Symphony No.2 (The Age of Anxiety)
Symphony No.4 in C-minor, Op.43
Jean-Yves Thibaudet (piano)
Boston Symphony Orchestra
Reviewed by: Susan Stempleski
Reviewed: 11 April, 2018
Venue: Stern Auditorium, Carnegie Hall, New York City
This highly rewarding program opened with a brilliantly expressive performance of Leonard Bernstein’s Second Symphony, titled ‘The Age of Anxiety’ after W. H. Auden’s Pulitzer-prize winning poem, an extended narrative that follows four lonely strangers who meet in a wartime New York bar and spend the night mulling over their lives and the human condition. Unanchored to traditional symphonic form, and reflecting the structure of the poem that inspired it, Bernstein’s score is cast in two parts, the first a prologue followed by two groups of seven variations, and the second a series of three movements. The music alternates between being frightening, brash, trite and incongruous, but the most striking feature is the inclusion of an elaborate piano part, on this occasion performed by Jean-Yves Thibaudet who delivered a ravishing account.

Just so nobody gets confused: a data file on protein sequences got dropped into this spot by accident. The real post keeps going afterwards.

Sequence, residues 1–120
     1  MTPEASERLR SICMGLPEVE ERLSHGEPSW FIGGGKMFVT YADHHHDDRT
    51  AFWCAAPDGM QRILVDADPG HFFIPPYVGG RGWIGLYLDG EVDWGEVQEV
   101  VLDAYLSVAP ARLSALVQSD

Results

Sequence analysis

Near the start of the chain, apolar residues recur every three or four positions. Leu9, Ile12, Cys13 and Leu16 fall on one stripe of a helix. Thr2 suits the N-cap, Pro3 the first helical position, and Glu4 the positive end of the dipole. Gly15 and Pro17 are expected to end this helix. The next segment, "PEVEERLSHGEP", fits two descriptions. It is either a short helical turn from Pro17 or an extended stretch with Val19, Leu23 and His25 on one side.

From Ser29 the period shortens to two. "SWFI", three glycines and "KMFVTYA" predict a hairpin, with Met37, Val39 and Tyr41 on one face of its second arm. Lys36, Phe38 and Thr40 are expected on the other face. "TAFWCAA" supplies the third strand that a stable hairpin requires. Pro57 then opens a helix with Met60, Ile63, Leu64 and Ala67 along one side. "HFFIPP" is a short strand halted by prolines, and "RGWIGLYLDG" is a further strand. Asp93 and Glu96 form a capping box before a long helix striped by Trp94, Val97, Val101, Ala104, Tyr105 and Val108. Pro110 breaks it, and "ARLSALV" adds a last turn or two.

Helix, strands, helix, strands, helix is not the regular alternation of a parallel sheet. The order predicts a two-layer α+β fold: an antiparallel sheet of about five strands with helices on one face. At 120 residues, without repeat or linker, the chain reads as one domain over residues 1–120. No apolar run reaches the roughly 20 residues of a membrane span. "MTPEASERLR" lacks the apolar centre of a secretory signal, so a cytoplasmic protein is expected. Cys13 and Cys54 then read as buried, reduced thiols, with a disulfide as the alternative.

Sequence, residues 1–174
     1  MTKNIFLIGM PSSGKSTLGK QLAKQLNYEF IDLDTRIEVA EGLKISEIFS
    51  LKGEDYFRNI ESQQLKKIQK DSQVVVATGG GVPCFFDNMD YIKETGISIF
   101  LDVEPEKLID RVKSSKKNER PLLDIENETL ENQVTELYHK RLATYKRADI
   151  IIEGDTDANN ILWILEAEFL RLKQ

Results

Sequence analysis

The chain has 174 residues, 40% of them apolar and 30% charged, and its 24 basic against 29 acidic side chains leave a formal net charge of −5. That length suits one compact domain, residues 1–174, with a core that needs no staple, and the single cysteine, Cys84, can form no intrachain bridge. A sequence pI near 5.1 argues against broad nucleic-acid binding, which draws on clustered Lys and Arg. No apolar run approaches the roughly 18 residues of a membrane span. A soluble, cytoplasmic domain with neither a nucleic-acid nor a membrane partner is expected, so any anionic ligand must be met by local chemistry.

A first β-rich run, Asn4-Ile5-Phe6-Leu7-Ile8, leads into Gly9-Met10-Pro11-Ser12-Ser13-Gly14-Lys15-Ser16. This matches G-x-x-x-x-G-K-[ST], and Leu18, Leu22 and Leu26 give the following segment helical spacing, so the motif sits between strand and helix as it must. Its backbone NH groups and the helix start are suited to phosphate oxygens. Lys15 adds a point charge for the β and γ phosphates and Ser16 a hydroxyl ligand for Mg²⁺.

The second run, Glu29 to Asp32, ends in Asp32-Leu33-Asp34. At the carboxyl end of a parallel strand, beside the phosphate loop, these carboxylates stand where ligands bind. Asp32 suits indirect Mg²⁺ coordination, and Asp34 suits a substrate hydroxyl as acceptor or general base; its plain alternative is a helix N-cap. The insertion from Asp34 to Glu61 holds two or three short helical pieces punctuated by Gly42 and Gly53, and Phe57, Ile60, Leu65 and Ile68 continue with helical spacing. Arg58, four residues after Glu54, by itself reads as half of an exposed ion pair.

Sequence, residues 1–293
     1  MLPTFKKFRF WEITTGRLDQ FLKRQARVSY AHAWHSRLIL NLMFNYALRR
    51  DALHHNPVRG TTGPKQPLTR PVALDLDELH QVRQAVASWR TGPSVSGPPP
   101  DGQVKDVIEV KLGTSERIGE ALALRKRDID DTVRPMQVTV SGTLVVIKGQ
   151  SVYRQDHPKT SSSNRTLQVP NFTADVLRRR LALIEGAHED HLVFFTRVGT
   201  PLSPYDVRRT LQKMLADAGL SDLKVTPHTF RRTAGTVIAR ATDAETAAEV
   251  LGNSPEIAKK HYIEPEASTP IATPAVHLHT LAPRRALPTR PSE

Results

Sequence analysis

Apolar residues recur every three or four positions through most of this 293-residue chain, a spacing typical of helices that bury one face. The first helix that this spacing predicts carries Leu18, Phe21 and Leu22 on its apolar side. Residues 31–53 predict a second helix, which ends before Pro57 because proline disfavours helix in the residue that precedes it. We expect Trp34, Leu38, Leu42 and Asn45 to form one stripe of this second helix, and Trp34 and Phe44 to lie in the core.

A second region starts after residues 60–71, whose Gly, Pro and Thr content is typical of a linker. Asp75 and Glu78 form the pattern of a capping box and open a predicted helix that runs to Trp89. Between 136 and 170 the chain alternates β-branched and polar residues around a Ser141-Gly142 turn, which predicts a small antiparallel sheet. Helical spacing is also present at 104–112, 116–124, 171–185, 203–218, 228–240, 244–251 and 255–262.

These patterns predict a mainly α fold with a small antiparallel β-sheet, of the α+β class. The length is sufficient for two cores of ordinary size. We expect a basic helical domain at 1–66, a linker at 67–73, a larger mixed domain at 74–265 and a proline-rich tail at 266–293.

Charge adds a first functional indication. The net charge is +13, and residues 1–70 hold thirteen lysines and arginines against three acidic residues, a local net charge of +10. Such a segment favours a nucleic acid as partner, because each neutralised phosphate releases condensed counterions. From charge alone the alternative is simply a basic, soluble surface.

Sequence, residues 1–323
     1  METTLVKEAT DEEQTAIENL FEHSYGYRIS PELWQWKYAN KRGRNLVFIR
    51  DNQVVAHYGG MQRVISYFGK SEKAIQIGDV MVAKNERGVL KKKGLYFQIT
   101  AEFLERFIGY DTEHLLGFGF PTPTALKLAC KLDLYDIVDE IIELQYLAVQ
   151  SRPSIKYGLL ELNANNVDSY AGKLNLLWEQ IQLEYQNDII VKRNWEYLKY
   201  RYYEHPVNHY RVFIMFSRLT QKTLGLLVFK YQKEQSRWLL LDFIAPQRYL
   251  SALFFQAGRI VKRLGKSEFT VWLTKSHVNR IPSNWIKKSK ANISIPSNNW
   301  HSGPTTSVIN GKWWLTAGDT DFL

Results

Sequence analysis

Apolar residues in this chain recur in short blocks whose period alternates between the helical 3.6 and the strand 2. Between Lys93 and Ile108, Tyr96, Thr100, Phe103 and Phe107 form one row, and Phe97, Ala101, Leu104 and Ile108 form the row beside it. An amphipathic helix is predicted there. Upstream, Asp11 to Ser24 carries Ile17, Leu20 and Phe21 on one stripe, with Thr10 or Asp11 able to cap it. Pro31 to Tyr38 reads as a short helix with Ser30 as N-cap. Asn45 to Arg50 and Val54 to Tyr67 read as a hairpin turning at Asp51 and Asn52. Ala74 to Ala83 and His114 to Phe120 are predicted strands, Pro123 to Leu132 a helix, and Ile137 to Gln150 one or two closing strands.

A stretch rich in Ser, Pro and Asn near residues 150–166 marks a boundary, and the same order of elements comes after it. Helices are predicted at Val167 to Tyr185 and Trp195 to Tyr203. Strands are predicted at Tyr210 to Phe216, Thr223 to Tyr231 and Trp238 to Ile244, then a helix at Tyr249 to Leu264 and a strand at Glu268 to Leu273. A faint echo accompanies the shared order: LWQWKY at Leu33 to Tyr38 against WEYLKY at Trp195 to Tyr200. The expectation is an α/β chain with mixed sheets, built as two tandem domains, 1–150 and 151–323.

The piece got off to an excellent start with William Hudgins and Michael Wayne’s plaintive clarinet duet dominating the ‘Prologue’ until Thibaudet took over centre-stage and carried on in a lively partnership with Andris Nelsons. This was especially notable in Variation IV where Thibaudet’s playing sparkled alongside an effectively pointed orchestral contribution. Variation VII, the last of ‘The Seven Ages’ was wonderfully graceful and calm, while Variation IX, a zany waltz, was given with enormous zest. The final Variations stepped up the excitement, but it was in the more theatrical second half of the Symphony that the music became most compelling. After the ardently soulful ‘Dirge’, the quick, jazzy ‘Masque’ – set for piano, percussion and stand-up bass – featured Thibaudet’s most brilliant and dazzling playing.
After intermission came an overwhelmingly intense performance of Shostakovich’s audacious Fourth Symphony, the latest addition to Nelsons’s on-going cycle devoted to the composer. Nelsons’s laser-sharp focus never slackened as he kept the numerous and disparate elements of the sprawling work together. He sustained the expansive outer movements superbly, emphasizing the more ironic and humorous aspects without neglecting the underlying angst. The BSO came through with riveting, exhilarating playing, bursting with energy and brimming with color, making the eerily quiet ending, with its ticking rhythm fading away into uncertainty, especially enigmatic. After the final notes, Nelsons held the silence for nearly a minute.